A round-up of the main news stories this week. [Transcript provided below]
October Sees Minimum Wage and Tax Changes
Changes to the minimum wage and VAT came into effect at the beginning of October. Those over the age of 21 saw a small rise in the minimum wage, to £6.19 per hour. The rate for under-21s remains frozen, though there was a marginal rise for apprentices. Meanwhile, amendments to the infamous pasty tax mean that food which is intended to be served hot or which is kept hot by a specific heating unit will now be liable for VAT. Supermarkets have criticised the decision, saying that many families will be forced to reconsider purchasing freshly cooked food if the price rises by 20%.
Bank of England Defends ‘Funding for Lending’ Scheme
The Bank of England has been forced to defend its Funding for Lending scheme after figures revealed that consumers were borrowing less, not more. New loans to households fell by £400 million, the Bank revealed, despite the launch of the scheme which was designed to cut the cost of mortgages. Paul Fisher, head of financial markets at the Bank of England, said that it will be impossible to judge the effectiveness of the scheme before the end of the calendar year.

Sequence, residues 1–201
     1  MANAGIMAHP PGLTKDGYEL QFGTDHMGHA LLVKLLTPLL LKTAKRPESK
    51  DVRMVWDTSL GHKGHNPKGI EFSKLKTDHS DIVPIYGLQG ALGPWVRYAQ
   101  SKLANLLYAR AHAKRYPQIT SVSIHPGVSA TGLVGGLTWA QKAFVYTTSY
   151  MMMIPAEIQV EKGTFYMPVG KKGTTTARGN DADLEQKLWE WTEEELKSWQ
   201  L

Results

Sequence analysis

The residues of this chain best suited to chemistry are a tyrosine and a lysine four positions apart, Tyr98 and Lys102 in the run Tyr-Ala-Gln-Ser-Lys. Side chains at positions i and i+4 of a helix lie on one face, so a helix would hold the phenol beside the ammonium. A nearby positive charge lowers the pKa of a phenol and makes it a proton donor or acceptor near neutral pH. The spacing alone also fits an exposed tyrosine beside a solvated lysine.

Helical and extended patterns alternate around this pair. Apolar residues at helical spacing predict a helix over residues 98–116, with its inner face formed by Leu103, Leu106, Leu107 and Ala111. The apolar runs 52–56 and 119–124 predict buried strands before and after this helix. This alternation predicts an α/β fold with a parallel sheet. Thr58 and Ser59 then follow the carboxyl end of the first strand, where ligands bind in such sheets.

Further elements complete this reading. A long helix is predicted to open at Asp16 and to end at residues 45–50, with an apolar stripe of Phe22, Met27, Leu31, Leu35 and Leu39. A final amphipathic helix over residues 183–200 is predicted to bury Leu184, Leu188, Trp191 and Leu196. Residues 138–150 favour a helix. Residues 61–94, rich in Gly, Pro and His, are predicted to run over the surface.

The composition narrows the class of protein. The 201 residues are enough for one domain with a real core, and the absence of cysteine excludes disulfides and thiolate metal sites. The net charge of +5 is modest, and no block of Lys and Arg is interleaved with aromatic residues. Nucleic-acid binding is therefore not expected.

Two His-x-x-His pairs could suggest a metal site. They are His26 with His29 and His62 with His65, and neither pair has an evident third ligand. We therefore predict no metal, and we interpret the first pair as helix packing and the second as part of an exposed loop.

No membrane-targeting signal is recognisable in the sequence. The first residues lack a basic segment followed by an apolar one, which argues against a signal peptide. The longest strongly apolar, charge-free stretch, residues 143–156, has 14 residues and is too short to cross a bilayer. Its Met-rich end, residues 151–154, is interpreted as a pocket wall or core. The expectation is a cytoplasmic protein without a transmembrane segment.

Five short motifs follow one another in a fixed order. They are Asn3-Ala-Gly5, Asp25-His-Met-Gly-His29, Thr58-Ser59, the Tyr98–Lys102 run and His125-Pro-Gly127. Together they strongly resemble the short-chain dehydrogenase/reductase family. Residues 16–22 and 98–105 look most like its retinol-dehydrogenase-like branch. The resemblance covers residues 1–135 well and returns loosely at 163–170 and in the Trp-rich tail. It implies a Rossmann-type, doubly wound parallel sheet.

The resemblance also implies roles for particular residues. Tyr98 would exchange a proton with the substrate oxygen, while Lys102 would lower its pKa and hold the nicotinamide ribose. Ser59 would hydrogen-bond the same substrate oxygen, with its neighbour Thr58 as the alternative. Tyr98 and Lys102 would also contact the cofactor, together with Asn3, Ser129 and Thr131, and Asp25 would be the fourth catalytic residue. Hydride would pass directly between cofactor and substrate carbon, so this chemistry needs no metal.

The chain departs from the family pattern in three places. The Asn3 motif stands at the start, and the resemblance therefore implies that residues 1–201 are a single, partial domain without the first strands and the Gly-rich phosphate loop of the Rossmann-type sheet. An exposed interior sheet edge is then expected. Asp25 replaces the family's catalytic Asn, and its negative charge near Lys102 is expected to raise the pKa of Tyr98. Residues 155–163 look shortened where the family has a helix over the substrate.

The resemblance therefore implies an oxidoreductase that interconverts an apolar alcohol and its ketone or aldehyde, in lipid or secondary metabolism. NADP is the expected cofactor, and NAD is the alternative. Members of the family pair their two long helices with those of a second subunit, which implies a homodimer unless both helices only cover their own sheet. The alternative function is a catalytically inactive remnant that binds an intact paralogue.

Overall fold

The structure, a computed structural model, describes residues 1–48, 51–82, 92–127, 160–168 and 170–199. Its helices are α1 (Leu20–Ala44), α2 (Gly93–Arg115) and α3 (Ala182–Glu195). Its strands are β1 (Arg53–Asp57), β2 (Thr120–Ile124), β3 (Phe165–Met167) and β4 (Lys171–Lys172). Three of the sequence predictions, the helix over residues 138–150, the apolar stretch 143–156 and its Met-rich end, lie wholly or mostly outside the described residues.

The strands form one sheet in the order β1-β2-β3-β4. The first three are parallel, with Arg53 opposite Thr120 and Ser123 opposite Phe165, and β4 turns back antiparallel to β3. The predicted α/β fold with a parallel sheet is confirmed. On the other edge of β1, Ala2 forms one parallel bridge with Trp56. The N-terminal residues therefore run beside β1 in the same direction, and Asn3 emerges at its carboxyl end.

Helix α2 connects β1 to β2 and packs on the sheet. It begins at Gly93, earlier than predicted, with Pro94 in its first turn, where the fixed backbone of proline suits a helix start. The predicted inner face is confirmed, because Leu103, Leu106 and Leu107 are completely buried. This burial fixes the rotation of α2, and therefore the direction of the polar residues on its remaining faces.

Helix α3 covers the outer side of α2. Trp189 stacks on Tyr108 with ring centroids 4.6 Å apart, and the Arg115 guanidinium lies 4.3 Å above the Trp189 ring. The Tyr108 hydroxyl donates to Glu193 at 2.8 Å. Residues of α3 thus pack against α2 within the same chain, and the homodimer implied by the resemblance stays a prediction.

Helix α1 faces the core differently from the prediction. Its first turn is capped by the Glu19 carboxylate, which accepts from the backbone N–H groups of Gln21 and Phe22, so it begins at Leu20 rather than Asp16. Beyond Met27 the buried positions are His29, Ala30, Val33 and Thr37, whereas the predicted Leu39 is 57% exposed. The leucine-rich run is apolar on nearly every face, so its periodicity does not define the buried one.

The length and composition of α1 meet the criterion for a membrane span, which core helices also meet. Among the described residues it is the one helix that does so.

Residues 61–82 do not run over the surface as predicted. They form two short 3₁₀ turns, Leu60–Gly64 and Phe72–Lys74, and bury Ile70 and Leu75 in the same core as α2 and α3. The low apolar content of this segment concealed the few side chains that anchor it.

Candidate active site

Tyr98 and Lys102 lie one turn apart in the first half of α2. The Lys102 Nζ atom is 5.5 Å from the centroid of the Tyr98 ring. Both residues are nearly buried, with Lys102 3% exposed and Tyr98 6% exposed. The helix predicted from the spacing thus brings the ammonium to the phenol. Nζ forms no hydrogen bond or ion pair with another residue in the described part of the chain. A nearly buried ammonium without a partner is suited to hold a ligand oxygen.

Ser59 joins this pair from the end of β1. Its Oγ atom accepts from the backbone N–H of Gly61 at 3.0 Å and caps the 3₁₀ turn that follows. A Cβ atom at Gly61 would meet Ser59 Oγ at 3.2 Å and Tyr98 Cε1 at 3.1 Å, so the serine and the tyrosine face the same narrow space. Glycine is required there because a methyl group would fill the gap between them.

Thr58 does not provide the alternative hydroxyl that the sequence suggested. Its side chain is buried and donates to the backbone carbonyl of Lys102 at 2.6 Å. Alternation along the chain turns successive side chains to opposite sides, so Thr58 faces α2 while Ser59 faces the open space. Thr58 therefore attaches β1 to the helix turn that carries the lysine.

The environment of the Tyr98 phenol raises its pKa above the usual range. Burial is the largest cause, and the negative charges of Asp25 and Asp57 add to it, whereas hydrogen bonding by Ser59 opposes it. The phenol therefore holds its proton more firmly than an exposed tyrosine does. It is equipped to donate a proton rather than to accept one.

Chancellor Urged to Boost Cash ISA Limit
The Chancellor has been urged to boost the cash ISA limit to improve conditions for savers. Though adults can currently save up to £11,280 tax-free every year, only half of that limit can currently be saved in cash. With rates on savings accounts tumbling, the Chancellor is being asked to increase the cash ISA limit to allow consumers to protect their savings from tax without having to resort to riskier options.
House Prices Fall for Third Consecutive Month
House prices fell in September for the third consecutive month, according to the Halifax. The society’s house price index said that prices fell by 0.4% between August and September, to just under £160,000. Halifax attributed this fall to the weak economic climate, and predicted that house prices would remain broadly unchanged over the rest of the year.
Co-Operative Bank Chooses Ethical Route to Staff Pay
And finally, the Co-operative Bank has ditched its sales-driven rewards for staff in favour of a scheme that rewards customer service. The move comes after the Financial Services Authority criticised British banks for their aggressive hard-selling mentality, where desperate branch staff are made to sell lucrative products to consumers that they don’t need. The Co-op had previously linked 3% of basic pay to sales performance, but it now says that it will reward staff for customer service at its best performing branches.
Here’s hoping the rest will follow! For the latest news and product updates, remember to visit us at Which4U.co.uk.